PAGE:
Ever Been on an Alaskan Vacation Where Your AirBnB Later Got Washed Away Down 'Suicide Basin'? I Have.

I might have mentioned this before - and I certainly remember writing about this back in the old paper edition of Barstool - but one of my older brothers lives in Juneau, AK. He has ever since he got married back some time in the Iron Age. And the major upshot of the piece I wrote in the print edition was how, no matter how tough you might think you are, if you're from back East, they don't consider you Alaska Tough. (And I say this as someone who still won't shut up about how a bug flew in my mouth on a dock in Ireland last month.) I mean, they're nice about it. But no matter what, you seem to them like the city guy in every western, wearing suit and tie and a bowler hat and saying "This train is the property of EH Harriman!!!" or whatever. I specifically remember mentioning how we met this couple who live in a cabin and live off the land. The husband did have a charter fishing service, and took us out on his boat at 6 a.m. to haul in his lines. And I realized I'd never felt less masculine. How utterly useless and in the way I was, with no applicable skills that could be of any help to him. And saying how I might as well have been wearing a feather boa and yelling, "HELLLOOO, sailor!!!" or something. I got a nice response from that one.

Anyway, I mention this because the last time I was up there was July 2016, for my niece's wedding. Along with my two Massachusetts brothers and our sister, spouses, including my own extremely feminine but hearty Irish Rose, and our younger son. Above is the AirBnB we spent the week in. A beautiful place. With a nice wooded back yard that led out to a river coming from the nearby Mendenhall Glacier. And this just happened to be during conditions of unusually high runoff known as:

Jökulhlaup (Wikipedia) - (literally "glacial outburst flood") is a type of glacial outburst flood. It is an Icelandic term that has been adopted in glaciological terminology in many languages. It originally referred to the well-known subglacial outburst floods from Vatnajökull, Iceland, which are triggered by geothermal heating and occasionally by a volcanic subglacial eruption, but it is now used to describe any large and abrupt release of water from a subglacial or proglacial lake/reservoir.

I specifically remember people kayaking on flooded streets not far from us. But our rental wasn't affected. This was me, getting my Jökulhlaup on with an Alaskan Brewing Co. Amber Ale (highly recommended, but only available in certain parts of the western US):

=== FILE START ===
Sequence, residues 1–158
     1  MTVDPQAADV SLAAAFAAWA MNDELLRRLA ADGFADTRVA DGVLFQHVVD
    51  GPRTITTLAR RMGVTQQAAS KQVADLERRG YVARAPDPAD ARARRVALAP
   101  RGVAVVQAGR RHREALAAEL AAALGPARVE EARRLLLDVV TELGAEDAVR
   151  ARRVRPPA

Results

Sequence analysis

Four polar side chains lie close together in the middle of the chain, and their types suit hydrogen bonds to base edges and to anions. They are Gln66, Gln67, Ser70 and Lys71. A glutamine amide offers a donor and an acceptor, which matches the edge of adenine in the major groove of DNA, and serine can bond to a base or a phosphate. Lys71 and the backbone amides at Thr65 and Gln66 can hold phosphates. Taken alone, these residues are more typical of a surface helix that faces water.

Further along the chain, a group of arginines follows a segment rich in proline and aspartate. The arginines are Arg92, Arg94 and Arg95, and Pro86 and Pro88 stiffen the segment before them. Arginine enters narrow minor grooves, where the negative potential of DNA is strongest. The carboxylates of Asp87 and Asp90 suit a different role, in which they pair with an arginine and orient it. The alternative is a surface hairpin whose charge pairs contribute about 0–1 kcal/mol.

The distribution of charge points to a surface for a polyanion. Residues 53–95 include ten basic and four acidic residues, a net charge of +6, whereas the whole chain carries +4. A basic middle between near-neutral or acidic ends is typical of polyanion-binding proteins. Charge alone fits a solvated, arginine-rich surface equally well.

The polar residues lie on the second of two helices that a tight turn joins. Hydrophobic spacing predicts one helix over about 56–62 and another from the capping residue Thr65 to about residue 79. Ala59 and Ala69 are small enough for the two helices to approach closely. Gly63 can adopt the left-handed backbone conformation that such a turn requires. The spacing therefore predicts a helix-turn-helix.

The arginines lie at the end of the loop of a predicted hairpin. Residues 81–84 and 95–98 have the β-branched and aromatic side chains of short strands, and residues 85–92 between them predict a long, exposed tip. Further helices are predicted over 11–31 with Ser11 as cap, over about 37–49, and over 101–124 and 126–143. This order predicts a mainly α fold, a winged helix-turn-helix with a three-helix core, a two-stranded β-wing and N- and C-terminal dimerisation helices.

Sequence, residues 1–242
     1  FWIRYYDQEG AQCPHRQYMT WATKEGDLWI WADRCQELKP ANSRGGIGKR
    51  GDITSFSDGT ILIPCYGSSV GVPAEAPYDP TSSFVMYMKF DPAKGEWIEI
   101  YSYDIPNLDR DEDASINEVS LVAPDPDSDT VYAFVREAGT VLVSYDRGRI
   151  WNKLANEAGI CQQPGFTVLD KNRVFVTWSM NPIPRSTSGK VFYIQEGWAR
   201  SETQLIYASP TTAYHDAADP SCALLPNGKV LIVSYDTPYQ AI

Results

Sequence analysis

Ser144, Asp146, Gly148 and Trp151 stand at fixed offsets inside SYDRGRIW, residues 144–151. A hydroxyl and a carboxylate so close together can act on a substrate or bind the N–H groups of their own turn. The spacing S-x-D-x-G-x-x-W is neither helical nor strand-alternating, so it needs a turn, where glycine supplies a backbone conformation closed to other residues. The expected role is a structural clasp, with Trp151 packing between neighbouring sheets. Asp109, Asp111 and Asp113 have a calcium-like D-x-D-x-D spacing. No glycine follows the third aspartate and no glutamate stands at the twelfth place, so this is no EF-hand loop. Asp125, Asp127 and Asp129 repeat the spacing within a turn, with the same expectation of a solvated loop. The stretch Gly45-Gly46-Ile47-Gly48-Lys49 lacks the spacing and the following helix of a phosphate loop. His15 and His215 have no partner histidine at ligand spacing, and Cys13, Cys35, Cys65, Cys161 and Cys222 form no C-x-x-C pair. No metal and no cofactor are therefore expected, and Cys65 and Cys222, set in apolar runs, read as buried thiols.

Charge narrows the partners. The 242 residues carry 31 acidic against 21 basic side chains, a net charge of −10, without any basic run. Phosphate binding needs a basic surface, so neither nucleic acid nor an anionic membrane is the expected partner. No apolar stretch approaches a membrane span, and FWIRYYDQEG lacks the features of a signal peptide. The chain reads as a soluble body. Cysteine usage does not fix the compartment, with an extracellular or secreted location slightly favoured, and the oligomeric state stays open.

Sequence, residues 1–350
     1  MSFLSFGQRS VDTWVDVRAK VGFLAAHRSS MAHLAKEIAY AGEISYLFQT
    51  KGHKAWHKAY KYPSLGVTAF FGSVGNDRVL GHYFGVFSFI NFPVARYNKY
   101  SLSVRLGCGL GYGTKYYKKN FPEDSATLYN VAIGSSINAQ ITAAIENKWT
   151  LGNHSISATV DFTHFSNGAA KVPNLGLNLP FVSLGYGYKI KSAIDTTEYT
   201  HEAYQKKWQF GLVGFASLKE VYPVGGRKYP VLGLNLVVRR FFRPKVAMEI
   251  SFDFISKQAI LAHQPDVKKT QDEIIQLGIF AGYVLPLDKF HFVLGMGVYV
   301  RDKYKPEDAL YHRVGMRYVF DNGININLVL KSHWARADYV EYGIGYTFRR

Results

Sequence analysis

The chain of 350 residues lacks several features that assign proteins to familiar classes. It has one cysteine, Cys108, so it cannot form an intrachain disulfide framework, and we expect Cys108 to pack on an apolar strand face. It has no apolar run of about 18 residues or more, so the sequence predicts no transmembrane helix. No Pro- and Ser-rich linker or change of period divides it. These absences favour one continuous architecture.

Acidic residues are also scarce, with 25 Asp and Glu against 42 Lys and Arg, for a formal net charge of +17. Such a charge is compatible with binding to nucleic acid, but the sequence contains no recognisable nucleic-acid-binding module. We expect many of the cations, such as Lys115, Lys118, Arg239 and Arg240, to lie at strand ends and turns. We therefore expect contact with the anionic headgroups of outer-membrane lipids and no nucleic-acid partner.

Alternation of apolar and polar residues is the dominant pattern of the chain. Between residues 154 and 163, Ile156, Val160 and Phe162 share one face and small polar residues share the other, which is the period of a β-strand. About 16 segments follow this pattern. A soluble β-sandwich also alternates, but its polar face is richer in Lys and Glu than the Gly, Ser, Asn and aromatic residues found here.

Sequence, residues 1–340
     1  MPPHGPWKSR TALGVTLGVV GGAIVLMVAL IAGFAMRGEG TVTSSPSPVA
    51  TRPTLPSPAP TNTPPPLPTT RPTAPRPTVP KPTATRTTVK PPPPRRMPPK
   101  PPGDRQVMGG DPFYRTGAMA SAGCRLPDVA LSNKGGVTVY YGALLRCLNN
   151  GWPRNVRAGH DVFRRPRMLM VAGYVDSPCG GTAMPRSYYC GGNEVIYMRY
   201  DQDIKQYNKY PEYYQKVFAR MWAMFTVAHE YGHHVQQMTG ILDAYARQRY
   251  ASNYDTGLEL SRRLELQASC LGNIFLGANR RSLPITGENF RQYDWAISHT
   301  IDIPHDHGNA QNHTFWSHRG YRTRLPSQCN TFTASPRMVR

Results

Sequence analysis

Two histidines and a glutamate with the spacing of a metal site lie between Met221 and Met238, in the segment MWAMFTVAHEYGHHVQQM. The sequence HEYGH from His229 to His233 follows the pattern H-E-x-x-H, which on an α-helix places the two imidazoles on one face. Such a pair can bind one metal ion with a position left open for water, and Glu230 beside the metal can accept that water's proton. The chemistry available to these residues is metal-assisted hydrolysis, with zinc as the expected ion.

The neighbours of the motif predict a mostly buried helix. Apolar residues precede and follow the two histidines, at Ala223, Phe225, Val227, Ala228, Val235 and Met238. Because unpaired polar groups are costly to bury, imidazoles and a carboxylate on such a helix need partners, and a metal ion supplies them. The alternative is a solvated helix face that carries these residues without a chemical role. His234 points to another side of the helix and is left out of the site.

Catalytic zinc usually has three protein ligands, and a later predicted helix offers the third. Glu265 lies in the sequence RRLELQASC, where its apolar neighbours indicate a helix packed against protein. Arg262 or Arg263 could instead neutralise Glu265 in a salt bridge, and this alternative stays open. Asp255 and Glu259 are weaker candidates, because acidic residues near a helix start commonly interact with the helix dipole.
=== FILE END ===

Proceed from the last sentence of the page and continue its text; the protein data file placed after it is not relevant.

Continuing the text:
That was taken about 40 yards or so from the house. Which after this past weekend, would've put me directly in the path of wet, freezing death. Because here was that same house:

Daily Mail - A mansion collapsed into a river in Alaska and was swept away after millions of gallons of water were released from a glacier-dammed lake.

The immaculate white home was pulled into the roaring waters of the Mendenhall River, in Juneau, during devastating flooding on Saturday.

The land around the building had rapidly eroded over a period of around six hours before it could no longer hold. …

At least two buildings were destroyed and residents of other at-risk properties were evacuated during the incident.

The Mendenhall River flooded on Saturday because of a major release from Suicide Basin above Alaska's capital city. …

Such glacial outburst floods happen when glaciers melt and pour massive amounts of water into nearby lakes. …

However, the maximum water level in the lake on Saturday night exceeded the previous record flood stage set in July 2016, the weather service reported.

I suppose it wouldn't be in the best taste to mention that, if I'd known we were all pitching in for a vacation house in a place called Suicide Basin, I'd have asked for my deposit back. After all, someone is out an extremely beautiful and valuable piece of investment property. And much worse, others just saw everything they own wash down a ravine and into a lake. And needless to say, that area has been completely terraformed, never to return to the same state again. 

I wish I had something profound to add. Other than to offer this up as a reminder that Nature is a fickle mistress. Indifferent to the sufferings of us little animals who try to scratch out an existence on the landmasses of the Earth. It might be a delicate little orb spinning through infinite space, but it will crush us like bugs if we're not careful. And even if we are as careful as possible, in the end:


Giphy Images.

As someone who has been blessed three times in his life to stand in awe before the majesty that is Alaska, my heart goes out to the intrepid souls who make it their home. I respected you the minute I set foot on America's last frontier, and I do so even more after seeing this small glimpse of what you enure. Godspeed to the residents of Suicide Basin. If any one can, it's you folks.